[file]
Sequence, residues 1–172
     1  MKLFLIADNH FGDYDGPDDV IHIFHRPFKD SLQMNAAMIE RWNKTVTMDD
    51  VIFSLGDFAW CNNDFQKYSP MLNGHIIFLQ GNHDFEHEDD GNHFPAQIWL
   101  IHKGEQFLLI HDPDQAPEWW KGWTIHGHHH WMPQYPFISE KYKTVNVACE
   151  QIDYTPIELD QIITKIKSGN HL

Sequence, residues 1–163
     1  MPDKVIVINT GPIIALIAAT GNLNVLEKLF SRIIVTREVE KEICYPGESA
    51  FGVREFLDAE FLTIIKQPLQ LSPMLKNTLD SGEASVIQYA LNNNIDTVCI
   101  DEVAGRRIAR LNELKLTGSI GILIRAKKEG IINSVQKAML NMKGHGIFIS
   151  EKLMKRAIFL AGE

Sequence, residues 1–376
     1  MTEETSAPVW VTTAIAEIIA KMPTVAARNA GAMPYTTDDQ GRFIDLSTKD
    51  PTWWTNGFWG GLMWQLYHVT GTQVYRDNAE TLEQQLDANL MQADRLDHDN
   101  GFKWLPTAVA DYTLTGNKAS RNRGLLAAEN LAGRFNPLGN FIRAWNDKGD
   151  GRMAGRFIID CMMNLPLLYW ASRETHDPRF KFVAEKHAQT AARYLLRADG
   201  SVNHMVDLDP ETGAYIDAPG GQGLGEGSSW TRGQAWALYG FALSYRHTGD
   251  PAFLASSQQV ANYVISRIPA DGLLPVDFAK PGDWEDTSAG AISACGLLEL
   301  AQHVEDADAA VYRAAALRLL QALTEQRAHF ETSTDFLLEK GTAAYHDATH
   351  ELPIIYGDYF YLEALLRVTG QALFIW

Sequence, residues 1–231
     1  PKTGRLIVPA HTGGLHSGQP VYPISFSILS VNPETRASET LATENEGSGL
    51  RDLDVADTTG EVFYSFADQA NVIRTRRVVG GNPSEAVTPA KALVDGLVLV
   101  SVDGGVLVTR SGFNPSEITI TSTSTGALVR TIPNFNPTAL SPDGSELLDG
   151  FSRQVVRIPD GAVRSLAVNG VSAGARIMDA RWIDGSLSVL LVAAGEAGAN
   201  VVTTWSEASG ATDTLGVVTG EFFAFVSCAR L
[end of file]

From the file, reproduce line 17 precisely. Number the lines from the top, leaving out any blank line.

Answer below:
   251  PAFLASSQQV ANYVISRIPA DGLLPVDFAK PGDWEDTSAG AISACGLLEL